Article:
transition from scenes of savage sublimity to romantic beauty-from sterility to fertility—from the awful work of earthquakes and cataracts to the peaceful labours of man-from solitude to society—or from all these combined, I know not'; but the exhilaration produced on myself and a large party, by this first entrance into the glades of Italy, was indescribable. Imagination, early association of ideas, and reminiscences of classic tale and history, must have had considerable effect;—but the countenances of some, who knew no more of the territory on which we had just entered than they did of Terra del Fuego, evinced the operation of causes more purely material than intellectual. I have entered upon and sojourned in many different climates on the face of this globe, but never did I feel such elasticity of soul and body, as on the drive from Crevola to Domo Dossolo. A thousand times did I inspire, to the very utmost extent of my lungs, the balmy atmosphere of Italy, and still with increasing delight! After this confession, it will not be said that I descended to the velvet plains of Latium with a mind prejudiced against its climate.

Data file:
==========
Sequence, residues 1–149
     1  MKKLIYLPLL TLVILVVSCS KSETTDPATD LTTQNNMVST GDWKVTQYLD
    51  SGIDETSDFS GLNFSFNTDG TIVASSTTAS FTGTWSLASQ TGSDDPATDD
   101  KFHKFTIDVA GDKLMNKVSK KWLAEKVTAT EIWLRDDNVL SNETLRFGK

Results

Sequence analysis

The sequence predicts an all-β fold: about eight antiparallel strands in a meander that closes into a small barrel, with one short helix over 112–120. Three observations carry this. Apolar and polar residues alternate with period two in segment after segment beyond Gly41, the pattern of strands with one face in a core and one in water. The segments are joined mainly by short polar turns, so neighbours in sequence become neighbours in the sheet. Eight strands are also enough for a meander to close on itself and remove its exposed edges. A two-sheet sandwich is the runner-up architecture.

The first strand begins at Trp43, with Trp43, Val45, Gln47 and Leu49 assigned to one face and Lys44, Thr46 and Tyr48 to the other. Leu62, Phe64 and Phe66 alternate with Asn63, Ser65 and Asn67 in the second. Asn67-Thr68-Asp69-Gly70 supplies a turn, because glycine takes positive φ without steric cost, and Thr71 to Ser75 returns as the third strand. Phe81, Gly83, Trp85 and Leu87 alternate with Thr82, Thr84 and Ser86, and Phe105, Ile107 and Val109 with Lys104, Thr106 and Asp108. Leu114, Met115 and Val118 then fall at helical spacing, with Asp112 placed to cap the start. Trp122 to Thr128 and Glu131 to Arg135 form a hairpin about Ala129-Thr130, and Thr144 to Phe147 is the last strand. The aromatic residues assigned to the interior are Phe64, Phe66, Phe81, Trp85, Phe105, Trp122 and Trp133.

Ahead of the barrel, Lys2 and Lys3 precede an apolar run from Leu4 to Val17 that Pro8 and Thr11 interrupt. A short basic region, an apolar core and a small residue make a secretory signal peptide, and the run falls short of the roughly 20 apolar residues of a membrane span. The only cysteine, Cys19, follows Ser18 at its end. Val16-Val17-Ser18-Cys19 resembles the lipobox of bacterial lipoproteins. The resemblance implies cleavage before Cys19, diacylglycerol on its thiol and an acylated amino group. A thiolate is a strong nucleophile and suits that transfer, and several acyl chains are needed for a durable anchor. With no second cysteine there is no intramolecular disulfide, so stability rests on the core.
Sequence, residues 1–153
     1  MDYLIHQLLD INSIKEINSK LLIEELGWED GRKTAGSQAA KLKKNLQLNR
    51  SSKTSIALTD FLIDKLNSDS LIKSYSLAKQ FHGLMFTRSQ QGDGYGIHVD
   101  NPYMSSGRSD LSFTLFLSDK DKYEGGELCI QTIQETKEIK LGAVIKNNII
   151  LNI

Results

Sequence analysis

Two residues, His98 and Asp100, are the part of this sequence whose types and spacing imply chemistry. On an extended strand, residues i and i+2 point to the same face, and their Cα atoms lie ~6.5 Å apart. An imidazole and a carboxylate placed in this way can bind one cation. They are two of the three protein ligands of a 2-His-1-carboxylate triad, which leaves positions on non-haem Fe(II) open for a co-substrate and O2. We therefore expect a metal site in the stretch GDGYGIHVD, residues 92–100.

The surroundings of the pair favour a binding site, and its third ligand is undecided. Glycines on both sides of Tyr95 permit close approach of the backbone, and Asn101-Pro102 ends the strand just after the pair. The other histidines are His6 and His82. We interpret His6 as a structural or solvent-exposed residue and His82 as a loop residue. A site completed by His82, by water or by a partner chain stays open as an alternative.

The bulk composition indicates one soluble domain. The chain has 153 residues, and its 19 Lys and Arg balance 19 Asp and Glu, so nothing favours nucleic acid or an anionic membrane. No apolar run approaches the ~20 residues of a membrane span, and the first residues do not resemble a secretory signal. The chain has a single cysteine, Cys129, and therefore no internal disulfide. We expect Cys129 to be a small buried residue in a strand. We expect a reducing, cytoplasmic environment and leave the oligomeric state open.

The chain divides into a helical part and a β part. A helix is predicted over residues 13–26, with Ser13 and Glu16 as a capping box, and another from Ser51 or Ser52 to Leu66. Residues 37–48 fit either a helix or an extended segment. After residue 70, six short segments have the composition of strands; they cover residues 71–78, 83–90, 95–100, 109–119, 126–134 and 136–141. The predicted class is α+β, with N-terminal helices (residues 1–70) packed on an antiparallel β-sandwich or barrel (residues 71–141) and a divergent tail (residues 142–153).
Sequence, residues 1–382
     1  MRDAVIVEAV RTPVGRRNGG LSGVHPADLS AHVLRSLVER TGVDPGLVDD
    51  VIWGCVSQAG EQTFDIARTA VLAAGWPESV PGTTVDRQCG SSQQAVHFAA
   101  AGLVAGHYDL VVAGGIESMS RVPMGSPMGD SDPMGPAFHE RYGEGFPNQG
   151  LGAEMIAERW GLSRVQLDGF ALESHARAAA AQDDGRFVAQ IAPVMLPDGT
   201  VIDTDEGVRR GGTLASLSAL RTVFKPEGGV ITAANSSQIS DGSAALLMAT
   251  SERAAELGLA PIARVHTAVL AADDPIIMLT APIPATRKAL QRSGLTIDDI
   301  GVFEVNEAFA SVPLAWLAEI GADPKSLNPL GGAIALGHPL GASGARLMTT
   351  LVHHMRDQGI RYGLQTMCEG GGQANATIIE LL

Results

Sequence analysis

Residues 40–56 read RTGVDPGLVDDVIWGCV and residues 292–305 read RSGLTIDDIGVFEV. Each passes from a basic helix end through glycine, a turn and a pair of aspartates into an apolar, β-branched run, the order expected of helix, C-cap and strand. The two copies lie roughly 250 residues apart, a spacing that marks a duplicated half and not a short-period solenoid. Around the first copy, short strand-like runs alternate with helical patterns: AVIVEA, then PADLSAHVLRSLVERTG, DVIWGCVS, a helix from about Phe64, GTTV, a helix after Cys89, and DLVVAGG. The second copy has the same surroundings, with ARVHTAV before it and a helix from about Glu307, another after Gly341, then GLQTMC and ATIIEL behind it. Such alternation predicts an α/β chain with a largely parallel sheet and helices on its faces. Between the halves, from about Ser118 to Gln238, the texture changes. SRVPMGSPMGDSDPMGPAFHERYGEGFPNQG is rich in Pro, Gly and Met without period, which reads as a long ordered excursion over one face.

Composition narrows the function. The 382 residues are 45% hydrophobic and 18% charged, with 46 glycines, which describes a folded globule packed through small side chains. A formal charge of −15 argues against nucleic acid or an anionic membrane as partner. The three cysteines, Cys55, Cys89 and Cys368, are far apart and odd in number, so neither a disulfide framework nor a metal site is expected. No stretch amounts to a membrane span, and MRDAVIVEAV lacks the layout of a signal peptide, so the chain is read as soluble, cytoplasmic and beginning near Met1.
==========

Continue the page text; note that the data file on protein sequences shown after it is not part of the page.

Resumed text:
And now, having cleared this formidable pass over a magnificent road, whose gentle ascents up the face of a mighty Alp scarcely tire either horse or man—whose windings along the brinks of yawning precipices alarm not the eye--whose descents into the most frightful chasms and profound abysses scarcely require a drag on our carriage wheels, can we fail to extend our admiration of the route itself to the great man, whose comprehensive mind designed and executed a gigantic task
Beyond all Greek, beyond all Roman fame.